Effects of pregnancy planning, fertility, and assisted reproductive treatment on child behavioral problems at 5 and 7 years: evidence from the Millennium Cohort Study.
Carson C., Redshaw M., Sacker A., Kelly Y., Kurinczuk JJ., Quigley MA.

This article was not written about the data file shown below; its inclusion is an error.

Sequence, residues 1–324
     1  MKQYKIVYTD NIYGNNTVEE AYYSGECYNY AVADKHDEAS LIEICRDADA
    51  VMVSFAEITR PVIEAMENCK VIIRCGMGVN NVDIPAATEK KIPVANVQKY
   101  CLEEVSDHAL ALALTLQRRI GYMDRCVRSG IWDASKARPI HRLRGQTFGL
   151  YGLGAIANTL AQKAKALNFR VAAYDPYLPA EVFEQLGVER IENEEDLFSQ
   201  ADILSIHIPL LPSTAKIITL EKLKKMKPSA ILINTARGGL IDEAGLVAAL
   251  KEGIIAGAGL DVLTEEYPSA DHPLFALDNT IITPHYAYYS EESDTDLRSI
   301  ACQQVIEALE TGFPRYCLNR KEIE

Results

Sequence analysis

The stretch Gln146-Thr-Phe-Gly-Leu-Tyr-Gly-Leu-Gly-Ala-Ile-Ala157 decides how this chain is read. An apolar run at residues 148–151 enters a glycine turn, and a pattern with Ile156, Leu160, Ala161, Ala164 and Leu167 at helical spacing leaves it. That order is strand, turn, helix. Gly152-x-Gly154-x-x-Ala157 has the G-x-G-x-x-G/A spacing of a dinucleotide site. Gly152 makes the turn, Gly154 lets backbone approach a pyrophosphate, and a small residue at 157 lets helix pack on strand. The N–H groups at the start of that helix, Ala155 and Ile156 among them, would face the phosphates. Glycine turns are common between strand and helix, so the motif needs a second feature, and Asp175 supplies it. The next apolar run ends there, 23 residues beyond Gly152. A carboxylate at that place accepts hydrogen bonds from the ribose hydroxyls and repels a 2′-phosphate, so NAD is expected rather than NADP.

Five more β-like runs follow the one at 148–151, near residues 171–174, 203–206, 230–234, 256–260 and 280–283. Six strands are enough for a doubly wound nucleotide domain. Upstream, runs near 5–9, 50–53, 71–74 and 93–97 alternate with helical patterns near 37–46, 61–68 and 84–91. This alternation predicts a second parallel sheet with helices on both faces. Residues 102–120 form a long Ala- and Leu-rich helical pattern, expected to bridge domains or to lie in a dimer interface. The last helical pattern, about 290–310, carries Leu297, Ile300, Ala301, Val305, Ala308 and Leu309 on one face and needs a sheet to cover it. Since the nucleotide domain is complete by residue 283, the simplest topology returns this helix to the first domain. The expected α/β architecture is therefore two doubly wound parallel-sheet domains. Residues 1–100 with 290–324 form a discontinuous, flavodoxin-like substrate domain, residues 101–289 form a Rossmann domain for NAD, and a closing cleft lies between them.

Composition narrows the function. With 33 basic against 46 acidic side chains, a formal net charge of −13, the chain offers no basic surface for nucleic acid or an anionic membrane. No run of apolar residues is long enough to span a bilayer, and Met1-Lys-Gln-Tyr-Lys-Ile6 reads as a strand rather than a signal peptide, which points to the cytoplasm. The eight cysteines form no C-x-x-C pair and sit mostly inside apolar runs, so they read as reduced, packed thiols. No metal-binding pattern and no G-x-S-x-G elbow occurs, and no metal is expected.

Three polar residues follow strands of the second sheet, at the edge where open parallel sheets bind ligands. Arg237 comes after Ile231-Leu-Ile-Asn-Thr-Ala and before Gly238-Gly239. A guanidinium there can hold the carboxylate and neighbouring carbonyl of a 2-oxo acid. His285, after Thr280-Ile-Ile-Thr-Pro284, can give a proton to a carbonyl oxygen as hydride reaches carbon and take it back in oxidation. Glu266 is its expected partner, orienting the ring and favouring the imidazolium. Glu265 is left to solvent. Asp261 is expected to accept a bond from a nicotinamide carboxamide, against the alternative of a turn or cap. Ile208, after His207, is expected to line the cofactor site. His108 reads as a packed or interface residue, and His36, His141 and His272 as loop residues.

OBJECTIVE: To examine the effects of pregnancy planning, time to conception (TTC), and assisted reproductive technologies (ART) on child behavior. DESIGN: Prospective cohort study. SETTING: Not applicable. PATIENT(S): A total of 12,380 singletons recruited at 9 months and followed-up at 5 and 7 years. Conceptions were divided into "unplanned" (unplanned, unhappy), "mistimed" (unplanned, happy), "planned" (planned, TTC <12 months), "subfertile" (planned, TTC ≥ 12 months), "ovulation induced" (received clomiphene citrate), and "ART" (IVF or intracytoplasmic sperm injection). INTERVENTION(S): None. MAIN OUTCOME MEASURE(S): Child behavior (Strengths and Difficulties Questionnaire [SDQ]). RESULT(S): Mistimed and unplanned children had higher average SDQ scores at age 5 and 7 years and were significantly more likely to have a clinically relevant behavioral problem compared with the planned group. The ART children had significantly higher average SDQ scores at both 5 and 7 years compared with the planned group. An increase in clinically relevant behavioral problems was observed at 5 years (odds ratio 2.05 [95% confidence interval 0.96, 4.42]) but failed to reach statistical significance. No effects were observed in the subfertile and ovulation-induced groups. CONCLUSION(S): Unplanned and mistimed children exhibit more behavioral problems than their planned peers. Though ART children have higher mean total difficulties scores, this did not translate into a statistically significant increase in clinically relevant behavioral problems.